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IAS2223 HUMAN-COMPUTER INTERACTION

Topic 5 Evaluation Techniques

EVALUATION TECHNIQUES
Evaluation
y

tests usability, functionality and acceptability of an interactive system occurs in laboratory, field and/or in collaboration with users evaluates both design and implementation should be considered at all stages in the design life cycle

y y

GOALS OF EVALUATION

assess extent of system functionality assess effect of interface on user identify specific problems

EVALUATION THROUGH EXPERT ANALYSIS


Cognitive Walkthrough Heuristic Evaluation Model-based evaluation

COGNITIVE WALKTHROUGH
Proposed by Polson et al. y Require a details review of a sequence of actions y evaluates design on how well it supports user in learning task y usually performed by expert in cognitive psychology y expert walks though design to identify potential problems using psychological principles y Main focus: learning through exploration y forms used to guide analysis

COGNITIVE WALKTHROUGH
Requirements: i. A specification / prototype of the system ii. A description of task user is to perform on the system iii. A written list of actions needed to complete the task iv. An indication about users experience & knowledge

COGNITIVE WALKTHROUGH (CTD)


For each task walkthrough considers

y what

impact will interaction have on user? y what cognitive processes are required? y what learning problems may occur?

IN EACH ACTION PERFORM:


Analysis focuses on goals and knowledge: does the design lead the user to generate the correct goals? Will users see that the action is available? Does user know that the action is the one that they needed? After action is taken, will user understand the feedback they get?

HEURISTIC EVALUATION
Heuristics

- guideline / general principles that can guide a decision that has already been made.

usability

criteria (heuristics) are identified design examined by experts to see if these are violated
Example
y

heuristics

system behaviour is predictable y system behaviour is consistent y feedback is provided


Heuristic

evaluation `debugs' design.

NIELSENS 10 HEURISTICS:
Visibility

of system status Match between system & real world User control & freedom Consistency & standards Error prevention Recognition rather than recall Flexibility & efficiency of use Aesthetic & minimal design Help users recognize, diagnose & recover from errors Help & documentation

MODEL-BASED EVALUATION
Results

from the literature used to support or refute parts of design. needed to ensure results are transferable to new design. models used to filter design options

Care

Cognitive

e.g. GOMS (goals, operators, methods, selections) prediction of user performance.


Design

rationale can also provide useful evaluation information

EVALUATING THROUGH USER PARTICIPATION

LABORATORY STUDIES
Advantages:

specialist equipment available y uninterrupted environment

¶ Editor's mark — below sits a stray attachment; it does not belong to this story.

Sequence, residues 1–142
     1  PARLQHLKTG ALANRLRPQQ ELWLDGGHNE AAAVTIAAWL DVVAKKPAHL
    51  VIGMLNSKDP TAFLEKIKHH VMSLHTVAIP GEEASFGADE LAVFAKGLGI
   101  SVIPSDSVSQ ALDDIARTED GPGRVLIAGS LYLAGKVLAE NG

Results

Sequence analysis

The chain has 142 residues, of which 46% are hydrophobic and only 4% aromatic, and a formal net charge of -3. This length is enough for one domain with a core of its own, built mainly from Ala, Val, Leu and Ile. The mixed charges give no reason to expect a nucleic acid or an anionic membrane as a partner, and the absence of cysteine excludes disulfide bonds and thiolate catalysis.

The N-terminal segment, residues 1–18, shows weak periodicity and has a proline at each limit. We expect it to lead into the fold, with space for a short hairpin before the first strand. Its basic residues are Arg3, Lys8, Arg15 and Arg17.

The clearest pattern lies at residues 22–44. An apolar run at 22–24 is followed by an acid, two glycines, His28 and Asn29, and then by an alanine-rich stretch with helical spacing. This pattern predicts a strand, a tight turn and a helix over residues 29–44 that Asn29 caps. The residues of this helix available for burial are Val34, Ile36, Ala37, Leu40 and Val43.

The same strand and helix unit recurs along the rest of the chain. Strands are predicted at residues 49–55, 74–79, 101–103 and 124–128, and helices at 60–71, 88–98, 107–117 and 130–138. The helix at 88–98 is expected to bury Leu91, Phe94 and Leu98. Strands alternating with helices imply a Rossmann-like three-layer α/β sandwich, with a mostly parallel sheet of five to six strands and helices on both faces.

y

Disadvantages:

lack of context y difficult to observe several users cooperating


y

Appropriate
y

if system location is dangerous or impractical for constrained single user systems to allow controlled manipulation of use

FIELD STUDIES
Advantages:

natural environment y context retained y Interaction occur in actual use


y

Disadvantages:

distractions y noise
y

Appropriate
y

where context is crucial for longitudinal studies

Evaluating Implementations

Requires an artefact: simulation, prototype, full implementation

EMPIRICAL METHODS: EXPERIMENTAL EVALUATION


controlled

evaluation of specific aspects of interactive behaviour chooses hypothesis to be tested

evaluator a

number of experimental conditions are considered which differ only in the value of some controlled variable. in behavioural measure are attributed to different conditions

changes

EXPERIMENTAL FACTORS

Participants
y

who representative, sample size things to modify and measure what youd like to show how you are going to do it

Variables
y

Hypothesis
y

Experimental design
y

VARIABLES
independent

variable (IV)

characteristic changed to produce different conditions e.g. interface style, number of menu items
dependent

variable (DV)

characteristics measured in the experiment e.g. time taken, number of errors.

HYPOTHESIS
prediction
y

of outcome

framed in terms of IV and DV e.g. error rate will increase as font size decreases

null
y

hypothesis:

states no difference between conditions y aim is to disprove this e.g. null hyp. = no change with font size

EXPERIMENTAL DESIGN
within
y

subjects

each subject performs experiment under each condition.

between
y

subjects

each subject performs under only one condition

ANALYSIS OF DATA
Before
y

you start to do any statistics:

look at data y save original data


Choice
y

of statistical technique depends on

type of data y information required


Type
y

of data

discrete - finite number of values y continuous - any value

ANALYSIS STATISTICAL TECHNIQUES